strip your life of every role you hold dear. being a parent, a friend, slogging away at a challenging career, volunteering (oddly, picking up after 100 + hounds, is frowned upon for the immunosuppressed) and physically thriving down to your core.

in the alternative, insert frequent hospital trips, pharmacy runs, swallowing medications 4 times a day, sleeping 12 hours a night, engaging more frequently with your doctors, nurses, transplant co-coordinators and technicians' lives, more than your own, beloved friends.

this is not about being positive or negative. i am positive. i don't believe i would have survived 30 years of kicks, punts and punches to my kidneys, had i not embodied that spirit. as my toronto nephrologist so bluntly articulated, renal failure is a life long issue. but there is an enormous difference between reality and cynicism.

and reality is where i groove.

a couple of weeks ago, as i sat in the transplant clinic waiting room, k and and i engaged in one heartbreaking conversation. post-transplant, this elderly dame had been released for a mere 4 days, before rejection set in and tossed her back into the hospital for over 3 weeks.

i feel annoyance that society's simplistic impression is "insert kidney, do not collect $200 and do not pass go"...for this is no a game. and as physicians hold brilliance within the palms of their hands, i remain the guinea pig who must humbly and vulnerably nibble away for my survival. i am the rodent who must scurry home and run endless, mindless circles within my caged wheel, 24/7, while physicians escape their patients, their stories and the hospital with all it's chaos and confusion...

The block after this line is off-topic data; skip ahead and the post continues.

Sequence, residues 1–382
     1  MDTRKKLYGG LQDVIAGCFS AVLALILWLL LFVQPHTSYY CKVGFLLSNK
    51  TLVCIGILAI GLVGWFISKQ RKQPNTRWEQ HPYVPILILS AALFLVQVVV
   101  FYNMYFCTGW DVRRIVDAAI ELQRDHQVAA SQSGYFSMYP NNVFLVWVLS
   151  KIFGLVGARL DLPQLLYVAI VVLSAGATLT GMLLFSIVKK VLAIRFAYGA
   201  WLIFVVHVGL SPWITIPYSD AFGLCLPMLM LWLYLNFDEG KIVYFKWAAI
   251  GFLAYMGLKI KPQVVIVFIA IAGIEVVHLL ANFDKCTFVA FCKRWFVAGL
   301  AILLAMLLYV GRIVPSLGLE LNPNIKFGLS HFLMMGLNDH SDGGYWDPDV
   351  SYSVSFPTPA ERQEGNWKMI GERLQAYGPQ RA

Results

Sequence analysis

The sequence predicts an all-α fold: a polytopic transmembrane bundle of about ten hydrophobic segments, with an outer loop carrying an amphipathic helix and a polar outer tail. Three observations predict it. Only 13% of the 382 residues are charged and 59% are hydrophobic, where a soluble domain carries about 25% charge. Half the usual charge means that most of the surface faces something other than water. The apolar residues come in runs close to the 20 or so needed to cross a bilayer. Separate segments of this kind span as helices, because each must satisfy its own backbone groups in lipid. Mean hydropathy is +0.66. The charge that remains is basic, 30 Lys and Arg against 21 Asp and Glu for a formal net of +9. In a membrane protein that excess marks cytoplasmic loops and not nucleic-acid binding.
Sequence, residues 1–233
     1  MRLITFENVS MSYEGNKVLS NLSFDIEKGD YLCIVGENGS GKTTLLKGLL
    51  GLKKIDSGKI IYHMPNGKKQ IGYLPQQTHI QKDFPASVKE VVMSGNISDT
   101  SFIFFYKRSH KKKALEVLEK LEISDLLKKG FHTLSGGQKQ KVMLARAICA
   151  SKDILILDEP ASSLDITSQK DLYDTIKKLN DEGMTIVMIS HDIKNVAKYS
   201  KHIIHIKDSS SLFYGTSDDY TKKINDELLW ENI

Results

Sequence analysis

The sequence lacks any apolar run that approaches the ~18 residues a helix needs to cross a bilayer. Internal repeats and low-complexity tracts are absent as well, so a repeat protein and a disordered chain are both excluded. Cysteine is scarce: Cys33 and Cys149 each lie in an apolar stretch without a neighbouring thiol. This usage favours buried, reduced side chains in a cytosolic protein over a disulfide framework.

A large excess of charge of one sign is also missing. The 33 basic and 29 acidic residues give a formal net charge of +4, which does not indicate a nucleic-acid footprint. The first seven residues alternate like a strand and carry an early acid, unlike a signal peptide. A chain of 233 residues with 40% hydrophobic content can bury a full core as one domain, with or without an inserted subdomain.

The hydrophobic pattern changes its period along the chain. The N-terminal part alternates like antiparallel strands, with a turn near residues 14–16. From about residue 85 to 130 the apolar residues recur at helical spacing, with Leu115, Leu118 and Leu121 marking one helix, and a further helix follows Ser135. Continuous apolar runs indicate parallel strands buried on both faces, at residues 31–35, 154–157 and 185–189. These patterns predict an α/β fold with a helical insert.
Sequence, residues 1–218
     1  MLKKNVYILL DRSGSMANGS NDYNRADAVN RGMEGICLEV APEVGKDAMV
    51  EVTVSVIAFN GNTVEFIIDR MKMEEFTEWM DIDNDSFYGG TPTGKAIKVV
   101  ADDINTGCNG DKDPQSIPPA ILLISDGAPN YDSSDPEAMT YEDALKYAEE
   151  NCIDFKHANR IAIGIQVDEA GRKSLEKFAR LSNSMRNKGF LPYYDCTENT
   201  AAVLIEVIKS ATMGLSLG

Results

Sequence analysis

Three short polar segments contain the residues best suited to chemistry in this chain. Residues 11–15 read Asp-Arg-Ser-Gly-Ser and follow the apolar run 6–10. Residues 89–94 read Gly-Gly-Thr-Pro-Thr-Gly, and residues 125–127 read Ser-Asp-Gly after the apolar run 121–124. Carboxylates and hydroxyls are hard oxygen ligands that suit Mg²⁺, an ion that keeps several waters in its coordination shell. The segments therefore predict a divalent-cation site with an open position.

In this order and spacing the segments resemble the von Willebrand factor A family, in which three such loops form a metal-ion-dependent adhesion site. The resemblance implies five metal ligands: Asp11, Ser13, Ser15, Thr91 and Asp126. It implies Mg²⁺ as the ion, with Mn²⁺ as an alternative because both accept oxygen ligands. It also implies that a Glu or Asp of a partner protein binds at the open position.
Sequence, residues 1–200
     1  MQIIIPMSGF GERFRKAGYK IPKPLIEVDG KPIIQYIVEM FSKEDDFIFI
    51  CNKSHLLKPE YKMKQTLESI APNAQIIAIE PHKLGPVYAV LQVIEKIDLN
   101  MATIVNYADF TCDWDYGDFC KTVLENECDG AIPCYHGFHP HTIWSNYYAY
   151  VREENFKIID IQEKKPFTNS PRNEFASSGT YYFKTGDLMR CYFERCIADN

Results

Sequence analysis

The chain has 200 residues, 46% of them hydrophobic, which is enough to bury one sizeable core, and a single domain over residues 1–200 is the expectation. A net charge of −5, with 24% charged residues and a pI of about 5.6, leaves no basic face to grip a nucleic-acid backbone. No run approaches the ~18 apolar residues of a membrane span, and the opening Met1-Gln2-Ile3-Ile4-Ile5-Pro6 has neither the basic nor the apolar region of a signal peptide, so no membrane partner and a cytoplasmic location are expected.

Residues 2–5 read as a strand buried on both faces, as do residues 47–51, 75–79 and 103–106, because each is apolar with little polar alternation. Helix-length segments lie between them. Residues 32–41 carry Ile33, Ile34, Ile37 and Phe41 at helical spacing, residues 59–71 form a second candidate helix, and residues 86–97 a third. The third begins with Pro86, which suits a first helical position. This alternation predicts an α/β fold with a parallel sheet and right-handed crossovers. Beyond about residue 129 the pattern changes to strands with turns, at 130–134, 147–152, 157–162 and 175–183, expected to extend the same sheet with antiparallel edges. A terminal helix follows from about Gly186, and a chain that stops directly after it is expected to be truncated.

yes, rejection has the potential to be controlled. and for now, that remains my entire identity. dreaming and hoping and wishing and praying...but whether it's the spectacularly agonizing wait at home, or the trapped existence upon a hospital bed; no sleep, no privacy, no peace; you are always aware that you are part of some bizarre alien experiment...

["tell me why i don't like mondays?"]

and so i conjure up my recently departed bedstemor...whose infallible attitude continues to inspire me. she coined the phrase "just do it", long before nike patented it.

do you know that song?

the one that you deliberately play in order to indulge your sadness during those 3 am moments. the ones that propel your emotional snowball as it hurtles down your mountain of sentimentality...

well, i played that song today. over and over and over..."the other side of the world" (k.t. tunstall)...and i cried, and missed her and eventually became inspired...

inspired to stay realistic. stay firmly cemented in positivity. and hold her example close to my heart.

perhaps there is an end in sight. but sometimes i wonder if the means to this "end" is worth the struggle.

but, i know bedstemor would have thought so. and that's good enough for me.

[monday. a new week. a new test. and renewed hope that my creatinine will fall faster than the tears i shed.]

i wonder if owls like mondays?

1 comment:

  1. xoxo. So many people love you and you are still more than your illness, my darling.